Madam President

cover

Written and Illustrated by Lane Smith

Hyperion Books for Children, 2008

A president has many duties.

The plot in a nutshell:  A young girl copes with presidential duties.

The main character, Katy, runs through a list of responsibilities she has as President. They include giving executive orders (i.e., asking for more waffles), approving lunch, kissing babies, negotiating treaties (between a fighting cat and dog) and attending state funerals (of a friend’s pet frog). She chooses her cabinet and stays protected at all times, with a Secret Service cat always on the job. She’s a diplomat, but also has privileges such as the ability to veto tuna casserole in the cafeteria. She handles press conferences, keeps the peace and will even clean her room, if necessary, to lead by example. And at the end of the day, if a visiting dignitary stops by when she’s exhausted, she may just have the Vice President handle it.

Bookshelf favorite Lane Smith gives us a great character with big dreams in this delightfully funny story. Katy seems to be somewhat obsessed with presidents and great political figures from history (and considering that he’s written at least two other books about founding fathers and past presidents, I’m assuming Mr. Smith shares that obsession). For Parks & Recreation fans, this book felt like a glimpse of Leslie Knope as a child.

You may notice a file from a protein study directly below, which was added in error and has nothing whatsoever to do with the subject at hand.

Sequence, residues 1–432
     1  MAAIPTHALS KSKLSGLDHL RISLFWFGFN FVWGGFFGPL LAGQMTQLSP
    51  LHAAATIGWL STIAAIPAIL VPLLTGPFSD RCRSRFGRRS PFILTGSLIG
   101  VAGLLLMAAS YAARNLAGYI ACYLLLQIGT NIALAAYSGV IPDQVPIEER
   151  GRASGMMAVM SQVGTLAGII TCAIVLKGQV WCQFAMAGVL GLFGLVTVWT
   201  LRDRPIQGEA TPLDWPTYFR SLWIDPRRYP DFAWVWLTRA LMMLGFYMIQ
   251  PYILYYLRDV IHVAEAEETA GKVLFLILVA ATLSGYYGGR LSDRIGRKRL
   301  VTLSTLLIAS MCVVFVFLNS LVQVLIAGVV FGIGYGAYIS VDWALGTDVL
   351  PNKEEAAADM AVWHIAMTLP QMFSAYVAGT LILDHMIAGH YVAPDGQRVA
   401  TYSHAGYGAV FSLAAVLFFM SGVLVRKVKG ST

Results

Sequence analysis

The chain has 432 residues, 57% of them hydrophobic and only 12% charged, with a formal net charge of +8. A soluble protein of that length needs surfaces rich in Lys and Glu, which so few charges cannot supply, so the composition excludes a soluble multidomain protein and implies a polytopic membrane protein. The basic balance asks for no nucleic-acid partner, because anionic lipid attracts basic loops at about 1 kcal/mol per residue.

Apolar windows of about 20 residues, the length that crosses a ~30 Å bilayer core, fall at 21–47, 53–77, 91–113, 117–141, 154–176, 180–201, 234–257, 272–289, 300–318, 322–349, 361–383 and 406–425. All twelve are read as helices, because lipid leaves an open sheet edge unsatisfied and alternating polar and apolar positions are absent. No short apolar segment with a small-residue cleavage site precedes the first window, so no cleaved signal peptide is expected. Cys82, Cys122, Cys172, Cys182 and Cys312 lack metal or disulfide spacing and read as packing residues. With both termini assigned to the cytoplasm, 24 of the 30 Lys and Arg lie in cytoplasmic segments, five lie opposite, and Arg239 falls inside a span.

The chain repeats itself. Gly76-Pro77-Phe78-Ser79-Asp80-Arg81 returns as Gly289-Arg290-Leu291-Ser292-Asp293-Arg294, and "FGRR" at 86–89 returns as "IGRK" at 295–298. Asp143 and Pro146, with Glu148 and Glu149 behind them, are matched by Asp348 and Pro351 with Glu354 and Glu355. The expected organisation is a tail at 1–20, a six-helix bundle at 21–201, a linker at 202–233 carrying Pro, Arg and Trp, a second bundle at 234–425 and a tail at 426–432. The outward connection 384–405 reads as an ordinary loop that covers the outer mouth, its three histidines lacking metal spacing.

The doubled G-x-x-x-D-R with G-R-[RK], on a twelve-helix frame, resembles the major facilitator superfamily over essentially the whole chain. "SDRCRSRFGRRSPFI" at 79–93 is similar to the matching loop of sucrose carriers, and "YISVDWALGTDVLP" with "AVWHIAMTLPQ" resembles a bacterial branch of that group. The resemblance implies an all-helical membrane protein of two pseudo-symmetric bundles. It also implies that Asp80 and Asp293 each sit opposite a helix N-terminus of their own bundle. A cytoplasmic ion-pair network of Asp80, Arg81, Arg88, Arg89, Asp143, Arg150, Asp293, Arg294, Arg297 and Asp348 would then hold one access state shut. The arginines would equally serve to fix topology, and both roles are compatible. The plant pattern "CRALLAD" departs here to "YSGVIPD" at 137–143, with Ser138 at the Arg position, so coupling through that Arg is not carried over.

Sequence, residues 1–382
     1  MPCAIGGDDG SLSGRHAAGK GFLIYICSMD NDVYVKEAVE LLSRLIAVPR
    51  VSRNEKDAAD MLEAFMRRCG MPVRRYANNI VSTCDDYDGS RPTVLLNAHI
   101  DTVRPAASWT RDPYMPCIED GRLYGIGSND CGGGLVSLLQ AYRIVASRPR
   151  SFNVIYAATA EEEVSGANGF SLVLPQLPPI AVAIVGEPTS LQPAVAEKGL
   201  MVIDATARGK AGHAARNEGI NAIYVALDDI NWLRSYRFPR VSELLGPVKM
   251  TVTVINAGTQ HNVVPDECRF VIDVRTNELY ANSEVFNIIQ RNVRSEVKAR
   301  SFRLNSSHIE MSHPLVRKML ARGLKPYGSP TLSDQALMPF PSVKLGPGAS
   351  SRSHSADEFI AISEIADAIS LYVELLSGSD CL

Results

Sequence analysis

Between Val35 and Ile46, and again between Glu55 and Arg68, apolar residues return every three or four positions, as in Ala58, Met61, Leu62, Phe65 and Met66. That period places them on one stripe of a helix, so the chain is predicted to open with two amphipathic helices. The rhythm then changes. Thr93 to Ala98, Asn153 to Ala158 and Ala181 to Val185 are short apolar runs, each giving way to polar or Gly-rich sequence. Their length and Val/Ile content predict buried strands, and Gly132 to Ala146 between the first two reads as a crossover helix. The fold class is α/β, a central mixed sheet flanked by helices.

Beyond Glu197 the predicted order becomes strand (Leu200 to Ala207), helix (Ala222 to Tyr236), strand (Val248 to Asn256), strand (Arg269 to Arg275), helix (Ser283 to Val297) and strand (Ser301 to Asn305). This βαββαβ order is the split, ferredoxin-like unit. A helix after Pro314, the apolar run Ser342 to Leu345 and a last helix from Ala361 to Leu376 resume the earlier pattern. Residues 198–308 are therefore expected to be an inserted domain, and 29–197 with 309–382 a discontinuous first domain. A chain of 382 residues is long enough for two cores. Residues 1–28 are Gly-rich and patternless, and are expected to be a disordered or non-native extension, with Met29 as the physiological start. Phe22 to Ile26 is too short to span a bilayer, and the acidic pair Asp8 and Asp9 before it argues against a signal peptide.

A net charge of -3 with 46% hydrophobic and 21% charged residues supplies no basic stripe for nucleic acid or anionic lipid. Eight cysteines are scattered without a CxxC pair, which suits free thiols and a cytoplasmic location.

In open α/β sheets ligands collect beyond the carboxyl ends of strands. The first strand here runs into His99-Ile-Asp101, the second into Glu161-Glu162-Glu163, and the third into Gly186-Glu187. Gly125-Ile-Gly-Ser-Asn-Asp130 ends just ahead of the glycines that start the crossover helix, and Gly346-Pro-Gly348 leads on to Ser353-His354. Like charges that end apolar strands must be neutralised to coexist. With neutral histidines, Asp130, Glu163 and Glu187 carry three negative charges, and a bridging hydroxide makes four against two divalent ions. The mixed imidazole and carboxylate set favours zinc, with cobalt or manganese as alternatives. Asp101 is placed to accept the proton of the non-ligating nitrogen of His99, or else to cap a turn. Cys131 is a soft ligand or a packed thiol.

diplomat

Nice pantsuit, Katy.  🙂

The illustrations provide most of the humor, showing us Katy’s interpretations of her responsibilities. For example, when she chooses her cabinet, we see that it consists mostly of toys, including a piggy bank as Secretary of the Treasury, Mr. Potato Head as Secretary of Agriculture and a sock monkey as Secretary of Naps (is this a job I can apply for?). We also get to see the reactions of those around her who clearly don’t quite get why she is doing all of these things. And if you look closely, you’ll find lots of little nods to former presidents and other people (such as former first lady Eleanor Roosevelt) that Katy admires.

And what did we learn?  What I take away from this book is that no matter who does the job, being president is a lot of work.

Note:  I wrote this review in preparation for posting in early November, to celebrate what I thought (and hoped) would be the historic election of our first woman president.  Seems appropriate to post it today, when women are on the forefront of the resistance.

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